Marketing Plan Template: Market Strategy Part 3

This week we will look into Product or Service. Here is the marketing strategy template again, for your reference.

Marketing Strategy

  • Unique Sales Proposition
  • Brand
  • Product or Service
  • Promotion Goals

Product or Service

What is your product or service? You should be able to define your product in terms of what it does for the customer. How does it make the customer’s life better, easier, faster or cheaper? How will your customer’s life be improved by buying your product? What makes your product superior over every other similar product already on the market? If you can’t think of a good answer to these questions, your customer probably can’t either.

Describe, in detail, the products and services you will be selling. Your description should include a general description of each product or service, plus pricing models and distribution channels for each product or service.

Your company strengths and weaknesses will help you evaluate which opportunities are right for you and the threats to avoid. As you develop your products and service offering, keep in mind the needs, wants and desires of your target customer. You might think that the latest add-on or upgrade to a do-dad is the hottest next thing in the market, but does your customer? Many a product or service has been designed and marketed only to find that no real market exists. While the company owner spent lots of money developing marketing plans and buying advertising, if there is no real market for a product or service, that money will have been wasted.

Talk to your customers, conduct focus groups or other market studies. Make sure that your prospective customers actually want to pay money for your particular product or service. One way is to select some individuals who are in your target customer group and ask them. If the difference in color, shape, size and packaging is potentially important to the marketing effort, take the necessary time to understand these factors. If your plan is big and the risk is high, you might need to hire a market research firm to help determine which characteristics will be included in your product or service.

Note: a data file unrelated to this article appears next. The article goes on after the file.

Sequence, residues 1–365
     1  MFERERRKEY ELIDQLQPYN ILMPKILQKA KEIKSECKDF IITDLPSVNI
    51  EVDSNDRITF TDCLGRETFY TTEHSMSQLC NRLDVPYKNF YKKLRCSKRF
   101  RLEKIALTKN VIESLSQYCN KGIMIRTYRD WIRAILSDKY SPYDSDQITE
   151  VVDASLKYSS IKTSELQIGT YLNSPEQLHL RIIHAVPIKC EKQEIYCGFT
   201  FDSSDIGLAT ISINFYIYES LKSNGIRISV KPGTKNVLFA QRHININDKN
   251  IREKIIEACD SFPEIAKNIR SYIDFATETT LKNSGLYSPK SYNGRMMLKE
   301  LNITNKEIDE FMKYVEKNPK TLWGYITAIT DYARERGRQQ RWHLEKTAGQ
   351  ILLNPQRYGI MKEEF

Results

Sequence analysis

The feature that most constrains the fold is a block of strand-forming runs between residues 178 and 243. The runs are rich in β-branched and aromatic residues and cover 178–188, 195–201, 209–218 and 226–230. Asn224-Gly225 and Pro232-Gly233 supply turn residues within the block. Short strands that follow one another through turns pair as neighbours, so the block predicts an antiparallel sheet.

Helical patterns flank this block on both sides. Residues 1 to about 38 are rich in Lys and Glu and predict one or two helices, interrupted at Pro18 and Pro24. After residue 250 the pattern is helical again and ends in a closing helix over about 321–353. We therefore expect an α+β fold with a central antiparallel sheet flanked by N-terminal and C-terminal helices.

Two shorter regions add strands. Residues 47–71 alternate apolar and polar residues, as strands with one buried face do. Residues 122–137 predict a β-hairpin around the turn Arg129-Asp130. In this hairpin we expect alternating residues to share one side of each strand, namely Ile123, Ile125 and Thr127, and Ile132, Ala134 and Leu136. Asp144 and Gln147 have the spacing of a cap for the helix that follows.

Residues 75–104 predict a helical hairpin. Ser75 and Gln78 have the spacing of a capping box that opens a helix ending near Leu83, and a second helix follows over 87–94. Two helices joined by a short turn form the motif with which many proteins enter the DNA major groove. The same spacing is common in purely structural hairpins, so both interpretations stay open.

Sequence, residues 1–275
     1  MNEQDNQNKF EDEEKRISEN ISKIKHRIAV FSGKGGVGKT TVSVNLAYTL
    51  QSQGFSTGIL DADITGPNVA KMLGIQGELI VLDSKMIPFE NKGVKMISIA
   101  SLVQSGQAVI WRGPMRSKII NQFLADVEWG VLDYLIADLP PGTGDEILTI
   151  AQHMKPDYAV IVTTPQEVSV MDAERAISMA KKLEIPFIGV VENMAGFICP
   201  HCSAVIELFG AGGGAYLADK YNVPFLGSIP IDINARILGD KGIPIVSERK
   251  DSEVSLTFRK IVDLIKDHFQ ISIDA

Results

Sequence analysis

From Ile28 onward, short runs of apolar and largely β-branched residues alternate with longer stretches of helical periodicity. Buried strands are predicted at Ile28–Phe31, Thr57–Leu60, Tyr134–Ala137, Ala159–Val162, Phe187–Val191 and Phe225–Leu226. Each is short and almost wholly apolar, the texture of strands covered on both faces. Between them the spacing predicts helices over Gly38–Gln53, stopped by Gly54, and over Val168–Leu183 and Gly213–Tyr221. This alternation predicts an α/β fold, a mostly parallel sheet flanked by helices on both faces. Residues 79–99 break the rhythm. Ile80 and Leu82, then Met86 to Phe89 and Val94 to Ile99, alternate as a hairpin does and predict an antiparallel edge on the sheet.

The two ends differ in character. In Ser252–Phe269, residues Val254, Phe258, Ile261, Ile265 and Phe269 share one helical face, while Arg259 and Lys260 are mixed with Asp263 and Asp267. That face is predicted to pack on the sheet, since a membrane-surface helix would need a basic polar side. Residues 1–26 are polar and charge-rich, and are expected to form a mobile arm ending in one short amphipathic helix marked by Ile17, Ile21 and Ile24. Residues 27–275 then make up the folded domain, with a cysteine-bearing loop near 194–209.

Make sure you understand the difference between features and benefits. A feature is a factual statement about a product or service; it’s what products have. A benefit is what those features mean; it describes why your customer should care. Theodore Levitt, a 19th Century economist and Harvard University professor described the difference like this: “People don’t want to buy a quarter-​inch drill; they want a quarter-​inch hole.”

Your customers only care about benefits. They are what’s in it for me kind of people. In fact, everyone is a what’s in it for me kind of person. As a manufacturer, you care about your product features; it has a little handle here, this one is blue, that button makes it fly higher, those straps keep it from falling off. As consumers, your customers only care about your product benefits; it’s easy to carry, it matches my carpet, I can feel the exhilaration, it’s safe. Just keep in mind that only you and your salespeople care about features. Your customers only care about benefits.


What will you charge for your product? Why? Will you have different pricing models for a retail environment vs. a wholesale environment? How does your price compare to that of your competitors? How does your price compare to your cost of production? What are the benefits of being cheaper than your competitors? Are there benefits to being more expensive? How will you use payment terms and customer accounts to support your sales and financial goals?

Don’t forget to think about total cost of product ownership. If the cost of your product doesn’t end with the initial purchase, your customer will certainly be considering the total cost of ownership. If your sales price is cheap but operating the product is very expensive, your customer could become dissatisfied. Think about how your price compares to the cost of owning your product.

Distribution Channels

We discussed distribution channels at length during the research section. You should understand how your industry and target market segment(s) operate. How will you get your products and services into the hands of your customers? Will you utilize your own sales force or rely on manufacturer’s reps or distributors? Analyze your choices make a decision that best serves you and your customers.

Where will you sell your product? How will you go to market? Will you sell directly to the public through a retail environment, on-line to wholesalers, or something else? Will this be a catalog or direct mail type environment?


Stay connected with us on social media and our blog. Next week we will look at strategy for promotion goals.